|Île de Mogador|
Mogador island from Essaouira harbour
Île de Mogador
|Coordinates: 31°29′44.0″N 9°47′11.0″W / 31.495556°N 9.786389°W|
Mogador island (French: Île de Mogador) is the main island of the Iles Purpuraires near Essaouira in Morocco. It is about 3 kilometers long and 1.5 kilometers wide, and lies about 1.5 kilometers from Essaouira.
Around the end of the 1st century BC or early 1st century AD, Juba II established a Tyrian purple factory, processing the murex and purpura shells found in the intertidal rocks at Essaouira and the Iles Purpuraires. This dye colored the purple stripe in Imperial Roman Senatorial togas.
Roman merchants settled in the island under Augustus creating a small village: a Roman house with foundations, and also artifacts and coins, were also found on the island. Mogador and the nearby Iles Purpuraires were tied to Mauretania Tingitana by merchant ships in the first and second centuries of the Roman Empire.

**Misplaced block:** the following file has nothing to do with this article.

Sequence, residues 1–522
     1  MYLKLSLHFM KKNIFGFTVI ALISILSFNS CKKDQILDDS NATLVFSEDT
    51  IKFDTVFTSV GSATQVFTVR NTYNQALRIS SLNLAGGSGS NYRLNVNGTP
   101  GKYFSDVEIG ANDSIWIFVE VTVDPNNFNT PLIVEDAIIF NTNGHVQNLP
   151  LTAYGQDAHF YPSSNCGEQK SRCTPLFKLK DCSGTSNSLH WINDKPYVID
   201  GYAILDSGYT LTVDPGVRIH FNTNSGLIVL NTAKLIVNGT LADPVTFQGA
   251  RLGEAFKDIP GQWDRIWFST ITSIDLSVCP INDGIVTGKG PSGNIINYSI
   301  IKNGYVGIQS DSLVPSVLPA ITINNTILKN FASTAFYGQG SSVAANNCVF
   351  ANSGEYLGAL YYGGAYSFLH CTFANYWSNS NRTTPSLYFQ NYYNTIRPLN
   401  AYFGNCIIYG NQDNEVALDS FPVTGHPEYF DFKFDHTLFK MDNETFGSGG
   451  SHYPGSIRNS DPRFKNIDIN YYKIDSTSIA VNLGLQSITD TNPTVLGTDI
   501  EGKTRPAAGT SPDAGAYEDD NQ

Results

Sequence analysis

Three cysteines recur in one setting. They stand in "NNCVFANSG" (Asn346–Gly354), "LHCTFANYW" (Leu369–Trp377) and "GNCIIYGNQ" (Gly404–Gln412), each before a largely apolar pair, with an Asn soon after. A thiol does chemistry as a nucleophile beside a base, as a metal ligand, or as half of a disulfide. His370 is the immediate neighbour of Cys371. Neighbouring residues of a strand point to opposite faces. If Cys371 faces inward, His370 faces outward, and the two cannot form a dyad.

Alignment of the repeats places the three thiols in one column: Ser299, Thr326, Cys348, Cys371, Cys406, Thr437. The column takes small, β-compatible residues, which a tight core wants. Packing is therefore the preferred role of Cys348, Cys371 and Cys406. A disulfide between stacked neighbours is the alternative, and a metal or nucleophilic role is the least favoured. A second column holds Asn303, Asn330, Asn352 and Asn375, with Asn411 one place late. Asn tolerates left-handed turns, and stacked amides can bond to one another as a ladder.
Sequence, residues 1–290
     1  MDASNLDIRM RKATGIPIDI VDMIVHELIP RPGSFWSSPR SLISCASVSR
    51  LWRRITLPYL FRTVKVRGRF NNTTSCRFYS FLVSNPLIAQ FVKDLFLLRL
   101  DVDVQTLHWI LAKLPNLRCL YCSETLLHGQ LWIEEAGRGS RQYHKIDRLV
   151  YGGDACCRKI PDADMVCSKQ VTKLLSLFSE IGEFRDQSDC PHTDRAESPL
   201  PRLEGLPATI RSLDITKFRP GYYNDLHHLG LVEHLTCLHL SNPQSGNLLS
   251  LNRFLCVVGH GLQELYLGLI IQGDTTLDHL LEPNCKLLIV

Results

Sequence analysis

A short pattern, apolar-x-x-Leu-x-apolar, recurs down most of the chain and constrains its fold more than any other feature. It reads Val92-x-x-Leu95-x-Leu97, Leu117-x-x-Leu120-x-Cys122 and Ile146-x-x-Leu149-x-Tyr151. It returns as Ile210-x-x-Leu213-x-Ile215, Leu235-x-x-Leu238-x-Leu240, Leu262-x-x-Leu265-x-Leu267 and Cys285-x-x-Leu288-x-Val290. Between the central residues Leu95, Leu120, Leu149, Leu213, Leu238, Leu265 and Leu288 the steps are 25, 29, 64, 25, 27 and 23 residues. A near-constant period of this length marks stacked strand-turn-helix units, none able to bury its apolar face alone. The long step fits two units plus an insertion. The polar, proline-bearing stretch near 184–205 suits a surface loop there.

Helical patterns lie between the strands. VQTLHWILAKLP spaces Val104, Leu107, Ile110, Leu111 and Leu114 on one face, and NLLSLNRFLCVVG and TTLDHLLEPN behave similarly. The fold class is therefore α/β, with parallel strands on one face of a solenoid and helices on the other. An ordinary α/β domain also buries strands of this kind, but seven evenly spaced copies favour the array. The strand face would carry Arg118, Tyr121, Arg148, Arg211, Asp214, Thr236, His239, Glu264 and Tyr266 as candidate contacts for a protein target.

From the first to the fourth century the island was connected to Mauretania Tingitana with roman ships that regularly went to the Roman Sala Colonia: this port of Sala (now disappeared) was connected with commercial roman ships with Anfa and this island on the coast of actual southern Morocco.
It has now been designated as a nature reserve, and it cannot be visited without an official authorization.
Flora and fauna
A survey of falcons on the island in 2014 found evidence of Eleonora's falcon (Falco eleonorae) crippling and imprisoning live prey for later use. Abdeljebbar Qninba of Mohammed V University, Rabat, and colleagues, found small birds with missing flight and tail feathers trapped, or hiding in small holes or cavities. It is thought either the falcons plucked feathers to keep the birds as a food source for later, or alternatively, the prey are escaping from the falcons by finding refuge in nearby holes.
- Itineraria Phoenicia Edward Lipiński p 466
- UNA ETAPA EN LA RUTA MOGADOR-CANARIAS: CERÁMICA ROMANA EN LANZAROTE Y SU RELACIÓN CON HALLAZGOS SUBMARINOS (in Spanish)
- E.J. Brill's first encyclopaedia of Islam, 1913–1936, Volume 9 Martijn Theodoor Houtsma p 550
- "Falcons imprison birds to eat later". New Scientist. 229 (3055): 17. 9 January 2016.